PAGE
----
West Texas Intermediate crude fell as much as 1%, to $62.83 per barrel. Brent crude, oil’s international benchmark, slid 0.8%, to $66.44 per barrel, at intraday lows.

Gold climbed as much as 1.1%, to $1,783.85 per ounce.

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Stocks slip from records as optimism over economic recovery pauses

Traders work on the floor of the New York Stock Exchange (NYSE) on November 20, 2019 in New York City
Traders work on the floor of the New York Stock Exchange (NYSE) on November 20, 2019 in New York City

All three major US indexes ended lower to start the week as investors take a breather from the economic recovery-fueled optimism that sent stocks to record highs on Friday.

Wall Street is now awaiting earnings later this week and key inflation data that’s due Tuesday. Economists polled by Reuters expect the consumer price inflation index to jump 2.5% from 1.7% year on year in February. But there’s a risk that the Fed and economists are unprepared for the magnitude of economic growth and inflation, according to Bank of America.

Semiconductor stocks swerved Monday,with Intel and AMD each falling about 4% after Nvidia announced plans to manufacture its own CPU processor. The news sent shares of Nvidia surging by as much as 4%.

Here’s where US indexes stood at the 4:00 p.m. ET close on Monday:

Canaccord Genuity upgraded Tesla to a “buy” rating on Monday, with analyst Jed Dorsheimer explaining that Tesla’s budding energy storage business has long-term potential. Tesla jumped as high as 3.9%.

Veteran investor Danny Moses compared the stock-market boom to the dot-com bubble, underscored the dangers of excessive leverage and liquidity, and called for the Federal Reserve to temper its stimulus efforts in a recent interview. Here are his 16 best quotes.

Bitcoin rose as much as 2.6% to $61,229 as the crypto world prepares for Coinbase’s direct listing on Wednesday. The surge took the coin close to its all-time high of $61,742 reached on March 1.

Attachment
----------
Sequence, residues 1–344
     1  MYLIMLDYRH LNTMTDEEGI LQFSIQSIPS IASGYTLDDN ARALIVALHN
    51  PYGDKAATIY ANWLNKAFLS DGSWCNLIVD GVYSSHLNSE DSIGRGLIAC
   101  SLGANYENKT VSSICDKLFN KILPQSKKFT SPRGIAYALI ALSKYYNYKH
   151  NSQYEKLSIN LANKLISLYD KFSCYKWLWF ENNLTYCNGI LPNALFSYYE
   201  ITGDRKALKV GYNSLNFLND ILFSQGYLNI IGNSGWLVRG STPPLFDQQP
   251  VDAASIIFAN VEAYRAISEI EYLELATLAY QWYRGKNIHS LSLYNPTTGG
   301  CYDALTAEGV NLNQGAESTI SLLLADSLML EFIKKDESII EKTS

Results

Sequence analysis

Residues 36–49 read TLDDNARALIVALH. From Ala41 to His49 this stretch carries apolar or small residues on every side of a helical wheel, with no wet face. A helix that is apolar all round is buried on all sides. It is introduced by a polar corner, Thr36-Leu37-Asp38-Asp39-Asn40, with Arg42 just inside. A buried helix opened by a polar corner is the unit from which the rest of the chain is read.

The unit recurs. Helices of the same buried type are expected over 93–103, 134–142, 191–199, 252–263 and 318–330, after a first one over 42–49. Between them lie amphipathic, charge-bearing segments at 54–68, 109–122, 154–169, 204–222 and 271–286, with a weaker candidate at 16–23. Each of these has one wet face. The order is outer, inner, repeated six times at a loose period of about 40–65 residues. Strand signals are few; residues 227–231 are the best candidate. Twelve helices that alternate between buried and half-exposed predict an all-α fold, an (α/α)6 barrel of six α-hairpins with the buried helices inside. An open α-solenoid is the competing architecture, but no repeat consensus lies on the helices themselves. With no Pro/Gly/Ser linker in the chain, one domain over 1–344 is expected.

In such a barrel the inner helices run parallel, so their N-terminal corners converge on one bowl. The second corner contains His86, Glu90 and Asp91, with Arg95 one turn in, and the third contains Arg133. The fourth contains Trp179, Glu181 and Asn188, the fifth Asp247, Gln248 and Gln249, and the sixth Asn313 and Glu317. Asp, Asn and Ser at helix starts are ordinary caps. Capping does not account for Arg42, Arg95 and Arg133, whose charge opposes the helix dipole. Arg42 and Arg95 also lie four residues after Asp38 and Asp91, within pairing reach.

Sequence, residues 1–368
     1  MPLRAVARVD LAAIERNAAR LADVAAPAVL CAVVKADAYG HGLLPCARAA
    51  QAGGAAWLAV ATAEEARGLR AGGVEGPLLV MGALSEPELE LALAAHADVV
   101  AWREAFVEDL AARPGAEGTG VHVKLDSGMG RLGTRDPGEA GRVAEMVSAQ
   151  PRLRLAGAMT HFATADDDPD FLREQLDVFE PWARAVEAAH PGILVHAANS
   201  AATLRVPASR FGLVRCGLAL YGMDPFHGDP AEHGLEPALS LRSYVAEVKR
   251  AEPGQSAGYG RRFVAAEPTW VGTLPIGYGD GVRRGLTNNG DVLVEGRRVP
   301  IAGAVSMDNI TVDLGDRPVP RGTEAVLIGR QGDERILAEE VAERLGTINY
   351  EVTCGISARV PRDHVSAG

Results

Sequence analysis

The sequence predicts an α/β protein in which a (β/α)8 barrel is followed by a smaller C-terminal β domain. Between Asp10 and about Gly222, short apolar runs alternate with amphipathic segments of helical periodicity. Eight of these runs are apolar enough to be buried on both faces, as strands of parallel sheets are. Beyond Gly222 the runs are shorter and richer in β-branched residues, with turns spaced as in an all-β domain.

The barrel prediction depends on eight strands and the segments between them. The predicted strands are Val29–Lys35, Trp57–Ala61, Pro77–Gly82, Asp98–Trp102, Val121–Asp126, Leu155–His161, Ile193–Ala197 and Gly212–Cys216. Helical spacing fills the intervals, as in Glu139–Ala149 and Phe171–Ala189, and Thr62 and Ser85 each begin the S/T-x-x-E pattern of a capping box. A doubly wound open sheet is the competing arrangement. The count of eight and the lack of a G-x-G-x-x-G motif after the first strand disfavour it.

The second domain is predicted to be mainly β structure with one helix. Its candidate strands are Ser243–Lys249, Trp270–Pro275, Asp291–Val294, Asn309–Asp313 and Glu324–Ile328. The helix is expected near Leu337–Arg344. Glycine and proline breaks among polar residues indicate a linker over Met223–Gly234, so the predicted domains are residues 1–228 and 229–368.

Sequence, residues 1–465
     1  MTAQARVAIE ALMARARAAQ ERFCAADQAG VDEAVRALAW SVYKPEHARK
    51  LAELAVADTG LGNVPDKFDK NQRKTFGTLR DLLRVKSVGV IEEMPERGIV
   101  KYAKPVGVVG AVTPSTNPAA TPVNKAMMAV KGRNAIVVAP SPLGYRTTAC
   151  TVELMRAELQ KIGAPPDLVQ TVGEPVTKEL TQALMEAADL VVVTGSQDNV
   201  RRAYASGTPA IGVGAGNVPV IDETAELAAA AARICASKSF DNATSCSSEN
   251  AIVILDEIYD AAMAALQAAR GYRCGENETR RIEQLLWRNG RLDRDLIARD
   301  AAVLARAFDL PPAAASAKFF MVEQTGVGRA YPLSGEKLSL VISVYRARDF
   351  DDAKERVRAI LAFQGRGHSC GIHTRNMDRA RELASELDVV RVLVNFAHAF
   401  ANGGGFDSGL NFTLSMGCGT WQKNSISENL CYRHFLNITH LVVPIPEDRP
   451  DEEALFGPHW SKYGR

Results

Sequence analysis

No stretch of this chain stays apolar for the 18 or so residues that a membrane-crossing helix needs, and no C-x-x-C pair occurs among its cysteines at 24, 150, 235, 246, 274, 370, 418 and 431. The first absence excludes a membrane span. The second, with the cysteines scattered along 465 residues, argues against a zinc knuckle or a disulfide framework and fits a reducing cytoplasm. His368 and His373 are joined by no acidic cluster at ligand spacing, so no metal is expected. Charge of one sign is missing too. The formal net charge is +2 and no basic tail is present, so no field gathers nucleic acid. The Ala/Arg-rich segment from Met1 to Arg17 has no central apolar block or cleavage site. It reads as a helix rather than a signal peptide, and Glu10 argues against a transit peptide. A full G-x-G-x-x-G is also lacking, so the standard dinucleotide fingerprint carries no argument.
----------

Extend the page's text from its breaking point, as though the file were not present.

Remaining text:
West Texas Intermediate crude climbed 0.7%, to $59.71 per barrel. Brent crude, oil’s international benchmark, rose 0.5% to $63.30 a barrel.

Gold slipped 0.8%, to $1,731.70 per ounce.

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US stocks retreat from records as investors mull economic-recovery progress and new Powell comments

FILE PHOTO: U.S. Federal Reserve Chairman Jerome Powell arrives to speak to reportersin Washington, U.S., March 3, 2020. REUTERS/Kevin Lamarque

US stocks slipped from record highs as investors digest Federal Reserve Chairman Jerome Powell’s recent comments and prepare for a busy week ahead for economic data and earnings.

In an interview with CBS, which aired on Sunday, Powell said that the US is at an “inflection point” and is likely to see a boom in growth and hiring, but still faces threats from COVID-19.

“The outlook has brightened substantially,” he told CBS’s “60 minutes.” Yet he said there was a risk that coronavirus starts spreading again.

He also discussed the outlook for a digital dollar, and said the the US central bank is working hard on researching one as nervousness grows in some quarters about China’s rapid development of its own digital currency.

As the economy continues to recover from the pandemic, investors are focused in on inflation data that is due Tuesday. Economists polled by Reuters expect the consumer price inflation index to jump 2.5% from 1.7% year on year in February.

On the earnings front, Wall Street behemoths Goldman Sachs, JPMorgan, and Wells Fargo are due to report on Wednesday.

Here’s where US indexes stood at the 9:30 a.m. ET open on Monday:

Bitcoin rose as much as 2.6% to $61,229 as the crypto world prepares for Coinbase’s direct listing on Wednesday. The surge took the coin close to its all-time high of $61,742 reached on March 1.

West Texas Intermediate crude climbed 1.7%, to $60.31 per barrel. Brent crude, oil’s international benchmark, rose 1.6% to $63.97 a barrel.

Gold slipped 0.5%, to $1,737 per ounce.

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US stocks trade lower as markets await details on massive infrastructure plan

Traders and financial professionals work ahead of the closing bell on the floor of the New York Stock Exchange (NYSE) from Getty Images

US stocks closed lower on Tuesday as investors awaited details onBiden’s planned infrastructure spending package. The Washington Post reports that the first part of President Joe Biden’s infrastructure package will come in at $2.25 trillion, and contain funding for initiatives including broadband, highways, and housing. Biden will announce details on the first part of the package on Wednesday.